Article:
State Budgets

South Dakota State of the State: Mixed Agenda of Pro-Growth Regulatory Reform but Possible Tax Hikes

Spending restraint, budget reform, and tax relief proposals were absent from the address.

South Dakota Governor Dennis Daugaard’s 2018 State of the State focused on workforce development, public education, occupational licensing reform, a possible transportation tax increase and support for overturning legal precedent that could saddle online business with substantially increased costs. Unfortunately, substantive spending restraint, budget reform and tax relief proposals were absent from the address.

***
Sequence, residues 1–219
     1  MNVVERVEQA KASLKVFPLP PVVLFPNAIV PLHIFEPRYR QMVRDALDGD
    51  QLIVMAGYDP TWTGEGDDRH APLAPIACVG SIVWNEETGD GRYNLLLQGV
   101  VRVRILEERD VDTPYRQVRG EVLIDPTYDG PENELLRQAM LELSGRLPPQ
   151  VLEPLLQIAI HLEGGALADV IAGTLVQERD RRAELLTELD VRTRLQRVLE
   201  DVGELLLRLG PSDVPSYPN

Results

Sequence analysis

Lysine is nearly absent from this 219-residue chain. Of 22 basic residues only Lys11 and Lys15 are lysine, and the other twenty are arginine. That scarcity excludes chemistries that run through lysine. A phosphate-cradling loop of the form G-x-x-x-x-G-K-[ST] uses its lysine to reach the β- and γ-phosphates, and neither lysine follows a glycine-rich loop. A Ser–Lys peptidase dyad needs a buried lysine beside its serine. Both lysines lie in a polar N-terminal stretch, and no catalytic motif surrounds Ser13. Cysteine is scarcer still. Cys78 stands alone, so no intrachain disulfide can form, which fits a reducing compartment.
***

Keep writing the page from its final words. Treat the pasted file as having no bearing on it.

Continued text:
The workforce is a “long-term challenge facing our state…Our state does not have enough workers in many skilled fields and this is a barrier to economic growth.” Many of the solutions the governor offered were education-centered, such as apprenticeship programs and post-secondary education. He pointed to data and academic studies showing that just one-third of jobs are “now filled with employees with a high school diploma or less” and that just one percent of jobs created nationally since the end of the Great Recession went to this category. The governor reports that just one-fourth of those entering South Dakota public high schools complete post-secondary education within 10 years.